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Assembly Speaker Heastie: SUNY charter schools should abide by existing rules

Speaker Carl Heastie on the Assembly floor.
Speaker Carl Heastie on the Assembly floor.
Geoff Decker/Chalkbeat

New York State Assembly leader Carl Heastie jumped into the fray over charter school rules, making it clear on Monday that he disagrees with State Senate Majority Leader John Flanagan’s push to free charters from some city regulations.

In a letter to Governor Andrew Cuomo, Heastie argued that last-minute legislation passed in June does not allow SUNY-authorized charter schools to circumvent local rules, such as the city’s pre-K contract. That point is important to Success Academy CEO Eva Moskowitz, who refused to sign the city’s pre-K contract, arguing that it is illegal and unfairly burdens charter schools.

Last week, the New York Times reported that Senate Majority Leader John Flanagan had written to Cuomo, suggesting that SUNY, which oversees many of the city’s charter schools, could exempt the schools from “rules and regulations that were hampering innovative teaching and learning.” Flanagan’s letter doesn’t mention Success Academy by name but refers specifically to “high-performing charters” that opted out of the pre-k program “because the regulatory burden imposed by NYCDOE was too high.”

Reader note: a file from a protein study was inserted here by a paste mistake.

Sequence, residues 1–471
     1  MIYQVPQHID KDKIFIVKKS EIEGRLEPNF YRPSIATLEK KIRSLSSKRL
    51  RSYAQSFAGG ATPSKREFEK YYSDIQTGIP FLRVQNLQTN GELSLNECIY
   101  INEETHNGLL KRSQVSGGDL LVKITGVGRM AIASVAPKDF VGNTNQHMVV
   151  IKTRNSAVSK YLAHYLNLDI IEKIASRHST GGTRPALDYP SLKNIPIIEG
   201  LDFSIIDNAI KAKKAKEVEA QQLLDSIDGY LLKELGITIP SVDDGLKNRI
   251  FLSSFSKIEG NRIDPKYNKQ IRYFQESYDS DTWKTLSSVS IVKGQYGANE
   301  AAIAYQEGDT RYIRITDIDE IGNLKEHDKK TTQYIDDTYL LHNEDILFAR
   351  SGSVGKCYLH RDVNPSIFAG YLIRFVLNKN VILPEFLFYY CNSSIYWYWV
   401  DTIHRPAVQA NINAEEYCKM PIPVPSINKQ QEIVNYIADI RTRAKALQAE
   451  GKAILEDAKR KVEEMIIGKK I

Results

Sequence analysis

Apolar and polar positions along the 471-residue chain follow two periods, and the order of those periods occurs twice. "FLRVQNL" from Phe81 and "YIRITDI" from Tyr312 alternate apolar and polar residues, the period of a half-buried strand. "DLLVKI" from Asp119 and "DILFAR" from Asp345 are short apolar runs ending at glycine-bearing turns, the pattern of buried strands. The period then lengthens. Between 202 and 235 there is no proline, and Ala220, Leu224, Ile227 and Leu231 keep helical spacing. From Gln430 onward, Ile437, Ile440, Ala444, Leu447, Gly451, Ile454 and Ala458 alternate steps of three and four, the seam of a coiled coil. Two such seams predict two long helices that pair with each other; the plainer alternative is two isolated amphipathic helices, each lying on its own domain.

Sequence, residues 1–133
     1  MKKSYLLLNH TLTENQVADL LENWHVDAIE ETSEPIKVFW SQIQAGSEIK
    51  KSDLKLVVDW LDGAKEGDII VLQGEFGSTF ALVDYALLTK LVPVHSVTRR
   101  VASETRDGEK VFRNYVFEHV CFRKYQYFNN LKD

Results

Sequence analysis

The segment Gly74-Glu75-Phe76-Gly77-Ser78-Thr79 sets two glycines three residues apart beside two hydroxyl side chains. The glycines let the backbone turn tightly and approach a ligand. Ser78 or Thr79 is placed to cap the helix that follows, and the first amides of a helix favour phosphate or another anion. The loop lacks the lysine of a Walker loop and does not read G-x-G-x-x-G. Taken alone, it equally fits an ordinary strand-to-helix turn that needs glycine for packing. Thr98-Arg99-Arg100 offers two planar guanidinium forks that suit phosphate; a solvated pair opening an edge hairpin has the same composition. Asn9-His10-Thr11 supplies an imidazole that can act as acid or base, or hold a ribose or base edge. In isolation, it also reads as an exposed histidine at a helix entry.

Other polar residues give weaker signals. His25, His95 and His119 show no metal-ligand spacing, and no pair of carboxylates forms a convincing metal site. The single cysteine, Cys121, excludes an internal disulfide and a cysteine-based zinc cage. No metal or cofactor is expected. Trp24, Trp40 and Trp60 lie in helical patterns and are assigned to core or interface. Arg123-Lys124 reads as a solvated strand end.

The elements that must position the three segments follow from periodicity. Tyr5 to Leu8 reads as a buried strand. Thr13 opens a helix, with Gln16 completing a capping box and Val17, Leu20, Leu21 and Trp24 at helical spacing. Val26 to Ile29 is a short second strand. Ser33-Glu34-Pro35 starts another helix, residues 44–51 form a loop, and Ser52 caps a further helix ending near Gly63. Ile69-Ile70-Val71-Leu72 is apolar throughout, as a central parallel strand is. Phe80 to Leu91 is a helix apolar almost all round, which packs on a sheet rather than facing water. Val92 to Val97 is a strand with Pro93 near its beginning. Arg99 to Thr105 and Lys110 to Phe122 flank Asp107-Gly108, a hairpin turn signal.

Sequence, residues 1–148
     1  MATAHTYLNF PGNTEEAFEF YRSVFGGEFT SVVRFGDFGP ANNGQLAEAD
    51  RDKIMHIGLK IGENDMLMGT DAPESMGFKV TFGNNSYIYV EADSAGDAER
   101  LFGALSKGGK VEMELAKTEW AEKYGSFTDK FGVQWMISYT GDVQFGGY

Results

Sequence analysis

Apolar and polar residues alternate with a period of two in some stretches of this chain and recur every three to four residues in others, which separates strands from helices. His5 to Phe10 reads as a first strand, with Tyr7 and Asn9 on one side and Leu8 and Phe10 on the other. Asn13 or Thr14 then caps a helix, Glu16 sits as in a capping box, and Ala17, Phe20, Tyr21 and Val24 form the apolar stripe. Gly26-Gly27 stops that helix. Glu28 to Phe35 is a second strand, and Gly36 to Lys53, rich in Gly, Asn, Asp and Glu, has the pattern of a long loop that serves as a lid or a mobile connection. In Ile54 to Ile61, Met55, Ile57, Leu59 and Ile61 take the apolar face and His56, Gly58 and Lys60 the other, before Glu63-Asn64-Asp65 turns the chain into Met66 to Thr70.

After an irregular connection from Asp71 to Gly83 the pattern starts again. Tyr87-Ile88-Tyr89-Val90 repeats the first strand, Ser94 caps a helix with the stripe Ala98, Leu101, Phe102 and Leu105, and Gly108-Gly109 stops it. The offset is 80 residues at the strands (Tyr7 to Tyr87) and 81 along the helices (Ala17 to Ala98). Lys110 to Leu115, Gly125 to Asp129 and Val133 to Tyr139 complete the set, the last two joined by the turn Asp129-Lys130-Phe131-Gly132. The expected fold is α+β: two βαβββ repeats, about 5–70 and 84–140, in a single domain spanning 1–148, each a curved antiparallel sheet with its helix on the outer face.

Heastie has a different spin on the law. “The Legislature did not intend to delegate to SUNY broad authority to regulate charter schools it oversees,” he wrote in his letter, which is co-signed by education committee chair Cathy Nolan. “Nor did it intend to empower SUNY to adopt regulations that are inconsistent with current laws governing charter schools including, but not limited to, laws related to teacher certification requirements, participation in pre-kindergarten programs, and co-location of charter schools within traditional public schools.”

SUNY is still sorting through what the law allows, said Joseph Belluck, who chairs the committee that governs SUNY’s Charter Schools Institute. But he hopes that in the end, the legislation will allow SUNY greater oversight.

“This is somebody saying to us, ‘You’re responsible for the car, but we’re going to give somebody else responsibility for the right tire on the car,’” Belluck said about authorizing charter schools while the city oversees their pre-K programs. “There’s a mixture of oversight here that is a concern to me.”

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